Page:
Black and Latinx older adults are up to three times as likely to develop Alzheimer’s disease than non-Latinx White adults and tend to experience onset at a younger age with more severe symptoms, according to, PhD, a professor of psychology at Fordham University and the Icahn School of Medicine at Mount Sinai, New York. Looking ahead, that means by 2030, nearly 40% of the 8.4 million Americans affected by Alzheimer’s disease will be Black and/or Latinx, she said. These facts were among the stark disparities in health care outcomes Dr. Rivera-Mindt discussed in her presentation on brain health equity at the 2022 annual meeting of the American Neurological Association.
Dr. Rivera-Mindt’s presentation opened the ANA’sand inequities. The plenary, “Advancing Neurologic Equity: Challenges and Paths Forward,” did not simply enumerate racial and ethnic disparities that exist with various neurological conditions. Rather it went beyond the discussion of what disparities exist into understanding the roots of them as well as tips, tools, and resources that can aid clinicians in addressing or ameliorating them.
, MD, an associate professor of neurology and physical medicine and rehabilitation at the University of Pennsylvania, Philadelphia, said. “If clinicians are unaware of these disparities or don’t have any sense of how to start to address or think about them, then they’re really missing out on an important component of their education as persons who take care of patients with brain disorders.”
Dr. Hamilton, who organized the plenary, noted that awareness of these disparities is crucial to comprehensively caring for patients.
“We’re talking about disadvantages that are structural and large scale, but those disadvantages play themselves out in the individual encounter,” Dr. Hamilton said. “When physicians see patients, they have to treat the whole patient in front of them,” which means being aware of the risks and factors that could affect a patient’s clinical presentation. “Being aware of disparities has practical impacts on physician judgment,” he said.
For example, recent research in multiple sclerosis (MS) has highlighted how clinicians may be missing diagnosis of this condition in non-White populations because the condition has been regarded for so long as a “White person’s” disease, Dr. Hamilton said. In non-White patients exhibiting MS symptoms, then, clinicians may have been less likely to consider MS as a possibility, thereby delaying diagnosis and treatment.
Those patterns may partly explain why the mortality rate for MS is greater in Black patients, who also show more rapid neurodegeneration than White patients with MS,
The third session, presented by, MD, an assistant professor of neurology at the University of California, San Francisco, and director of the San Francisco General Hospital neurology inpatient services, examined disparities in neurology within the LGBTQ+ community through representative case studies and then offered specific ways that neurologists could make their practices more inclusive and equitable for sexual and gender minorities.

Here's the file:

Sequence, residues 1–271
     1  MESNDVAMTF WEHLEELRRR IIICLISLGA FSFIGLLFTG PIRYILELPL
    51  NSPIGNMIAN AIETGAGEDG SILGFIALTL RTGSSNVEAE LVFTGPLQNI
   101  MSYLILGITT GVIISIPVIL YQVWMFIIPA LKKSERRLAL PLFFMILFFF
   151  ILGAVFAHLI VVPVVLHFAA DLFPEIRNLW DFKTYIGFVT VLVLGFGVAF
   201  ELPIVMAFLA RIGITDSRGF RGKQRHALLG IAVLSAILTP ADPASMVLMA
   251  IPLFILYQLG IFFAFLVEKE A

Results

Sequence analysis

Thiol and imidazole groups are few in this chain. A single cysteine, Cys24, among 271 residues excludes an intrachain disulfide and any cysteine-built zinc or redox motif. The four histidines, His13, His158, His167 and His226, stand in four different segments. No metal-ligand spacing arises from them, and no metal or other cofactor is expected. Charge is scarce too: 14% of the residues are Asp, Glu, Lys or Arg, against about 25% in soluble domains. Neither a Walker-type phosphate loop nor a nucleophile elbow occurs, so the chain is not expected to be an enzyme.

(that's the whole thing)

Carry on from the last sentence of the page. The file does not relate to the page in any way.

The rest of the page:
Her first case study was a 52-year-old man who presented with new-onset seizures, right hemiparesis, and aphasia. A brain biopsy consistent with adenocarcinoma eventually led his physician to discover he had metastatic breast cancer. It turned out the man was transgender and, despite a family history of breast cancer, hadn’t been advised to get breast cancer screenings.
“Breast cancer was not initially on the differential as no one had identified that the patient was transmasculine,” Dr. Rosendale said. A major challenge to providing care to transgender patients is a dearth of data on risks and screening recommendations. Another barrier is low knowledge of LGBTQ+ health among neurologists, Dr. Rosendale said while sharing findings from heron the topic and calling for more research in LGBTQ+ populations.
Dr. Rosendale’s second case study dealt with a nonbinary patient who suffered from debilitating headaches for decades, first because they lacked access to health insurance and then because negative experiences with providers dissuaded them from seeking care. In data from the Center for American Progress she shared, 8% of LGB respondents and 22% of transgender respondents said they had avoided or delayed care because of fear of discrimination or mistreatment.
“So it’s not only access but also what experiences people are having when they go in and whether they’re actually even getting access to care or being taken care of,” Dr. Rosendale said. Other findings from the CAP found that:
- 8% of LGB patients and 29% of transgender patients reported having a clinician refuse to see them.
- 6% of LGB patients and 12% of transgender patients reported that a clinician refused to give them health care.
- 9% of LGB patients and 21% of transgender patients experienced harsh or abusive language during a health care experience.